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History’s Interpreter

Architect Ira Grandberg translates and updates the past.

By Nancy A. Ruhling

When architect Ira Grandberg was growing up, he spent many of his weekends touring the early-20th-century “grand homes” of New York’s Westchester County with his father, who was in the real-estate business. A lifetime later, what he remembers most about those excursions – and what he carries over into his own projects – is the unexpected feeling he got the minute he entered their front foyers.

“These were very special places,” says Grandberg, AIA, principal of Mount Kisco, NY-based Grandberg & Associates Architects. “My design goal has always been to try and achieve the spirit and energy these homes possessed. I know that sounds presumptuous, but these older homes had a personality because they were part of a fully molded environment that integrated the interior and the exterior experiences. Their high level of detailing gave these homes their unique fabric.”

Grandberg’s seven-person firm, which won a 2011 Palladio Award for an addition to a 1920s Normandy-style house in Westport, CT, specializes in highly complex residential renovations and restorations as well as the design of unique new residences. Grandberg & Associates’ residential projects have been featured in numerous national and regional publications. The firm’s design of the new Stanwich Congregational Church in Greenwich, CT, received a national award and recognition for capturing the spirit of a traditional early-19th-century New England church.

“Whether we do large or small projects, we spend an enormous amount of time figuring out the details,” says Grandberg. “It’s not unusual for us to spend 3,000 to 4,000 hours on design and construction documentation.”

Grandberg emphasizes that many of his designs take their architectural cues from history. However, “nothing I do is an historical copy,” he says, adding that his projects cannot be classified solely as period homes. “They merely convey a sense of the period they are reflecting. All our homes have their own spirit, and every single one looks different. Re-creating the past is not enough. The house has to be responsive to its owners and respectful of its environment. Once I start a house, I don’t go back to reference material; I utilize what I have subliminally absorbed over the years.”

This approach, he says, allows him to “do something fresh and exciting even within a historical context. The design of a period home must be responsive to present-day planning and space requirements. For example, early homes didn’t have the ‘great rooms’ or open kitchens that are so prevalent today. To properly scale the massing of the home is a major challenge architects working in period-style houses face. It’s really difficult to do them well.”

Grandberg, who finds Lutyens homes one source of inspiration, sees houses as organic entities within a stylistic framework that make the exterior architecture and interior spaces work as one. “I don’t believe that the interiors have to be stage settings or afterthoughts as you so often see,” he says. “The rooms themselves should be so well designed and integral with the overall architecture that they don’t need rouge or lipstick to make them work.”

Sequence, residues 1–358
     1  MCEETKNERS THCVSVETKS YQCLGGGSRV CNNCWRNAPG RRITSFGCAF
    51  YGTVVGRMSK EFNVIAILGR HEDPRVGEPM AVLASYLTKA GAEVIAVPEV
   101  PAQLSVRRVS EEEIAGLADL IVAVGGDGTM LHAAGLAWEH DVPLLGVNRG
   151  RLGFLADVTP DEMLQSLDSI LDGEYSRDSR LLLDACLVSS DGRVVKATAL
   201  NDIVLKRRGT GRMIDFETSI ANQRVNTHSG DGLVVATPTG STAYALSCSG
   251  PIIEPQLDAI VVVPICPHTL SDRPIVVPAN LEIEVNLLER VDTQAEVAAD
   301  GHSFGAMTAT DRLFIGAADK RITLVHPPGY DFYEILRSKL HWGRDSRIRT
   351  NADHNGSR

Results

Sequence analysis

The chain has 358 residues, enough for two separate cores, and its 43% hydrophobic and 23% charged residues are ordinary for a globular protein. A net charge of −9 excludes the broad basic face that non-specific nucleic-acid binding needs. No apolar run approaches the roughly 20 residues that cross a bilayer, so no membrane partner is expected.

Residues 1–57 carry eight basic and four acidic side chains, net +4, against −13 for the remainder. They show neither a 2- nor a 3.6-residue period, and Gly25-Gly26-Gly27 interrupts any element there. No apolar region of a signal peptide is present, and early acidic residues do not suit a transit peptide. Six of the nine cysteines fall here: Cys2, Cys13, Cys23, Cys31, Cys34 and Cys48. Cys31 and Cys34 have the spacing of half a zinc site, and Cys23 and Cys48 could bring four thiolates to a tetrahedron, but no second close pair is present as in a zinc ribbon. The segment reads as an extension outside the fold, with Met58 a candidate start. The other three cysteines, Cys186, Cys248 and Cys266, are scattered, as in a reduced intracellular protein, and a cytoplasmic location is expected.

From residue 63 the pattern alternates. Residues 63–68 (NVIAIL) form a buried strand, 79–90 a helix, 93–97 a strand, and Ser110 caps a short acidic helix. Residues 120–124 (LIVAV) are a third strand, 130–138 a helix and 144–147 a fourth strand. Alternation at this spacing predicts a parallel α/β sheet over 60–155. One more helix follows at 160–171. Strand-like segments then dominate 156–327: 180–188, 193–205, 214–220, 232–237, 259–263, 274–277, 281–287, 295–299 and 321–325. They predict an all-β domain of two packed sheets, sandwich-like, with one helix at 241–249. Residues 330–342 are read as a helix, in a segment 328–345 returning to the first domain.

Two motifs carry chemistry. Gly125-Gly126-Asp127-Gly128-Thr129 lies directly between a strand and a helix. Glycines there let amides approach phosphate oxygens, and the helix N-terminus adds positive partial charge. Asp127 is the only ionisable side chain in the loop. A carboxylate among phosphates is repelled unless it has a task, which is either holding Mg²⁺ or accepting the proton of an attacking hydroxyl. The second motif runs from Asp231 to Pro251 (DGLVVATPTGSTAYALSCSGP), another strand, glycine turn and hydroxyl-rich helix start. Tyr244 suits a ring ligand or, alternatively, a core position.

After making an in-depth study of each site and conferring with the clients, Grandberg creates the floor plan. “I know what the spirit of the house will look like before I leave the site,” he says. “The organization of spaces is where the challenge lies.”

It is Grandberg’s floor plan that brings the house into the 21st century. “I was trained as a student of modern architecture,” says Grandberg, who as a precocious child declared that he wanted to be an architect and followed through by graduating with honors from Columbia University’s School of Architecture after working on a degree in art history. “My floor plans focus on circulation and site determinants. The plans are very responsive to historical precedent as well as modern inter-relationships. That’s the main element that sets them apart from purely historic reproductions.”

Grandberg sees himself as a designer and consummate problem solver. “The skill of an architect has to do with understanding people’s responses to the space,” he says. “A house is not simply a box or a façade. My job as an architect is to modulate the space and create a home that has a distinctive personality. Just like a tailor making a custom suit, I have to make sure it fits its owner and looks great.”

Grandberg hopes that his homes will be recognized for their design integrity and individuality. In addition, his professional goal is to design more homes around the country, with clients who bring challenging programs and distinctive sites.

Country Meets City
The property was in Greenwich, but the owner’s heart was in the Adirondacks, where the family had a vacation home. So Grandberg’s design for an award-winning 12,000-sq.ft. house fuses a casual style with the formal period homes of the area. The cedar and stone house, which is two levels in the front and three in the back, was carved into the six-acre relatively flat site.

“I created a sculptural, open floor plan whose cross axes are open to the views,” says Grandberg. “The house doesn’t have one defined style, and that’s by design; its undulating roof line, stonework and façade crenellations are a direct response to the floor plan within.”

The core of the house is a pair of octagon-shaped galleries connected by a hallway system that both separates and links the informal and formal rooms. “The house is very large,” says Grandberg, “but it doesn’t look that way or feel that way because of the complexity of the façade and roof lines. The interior rooms also are large, but because they are properly scaled, they feel intimate.”

Through the use of stone floors and fireplaces and post-and-beam construction on the ceilings of the main rooms, natural and man-made elements co-exist beautifully.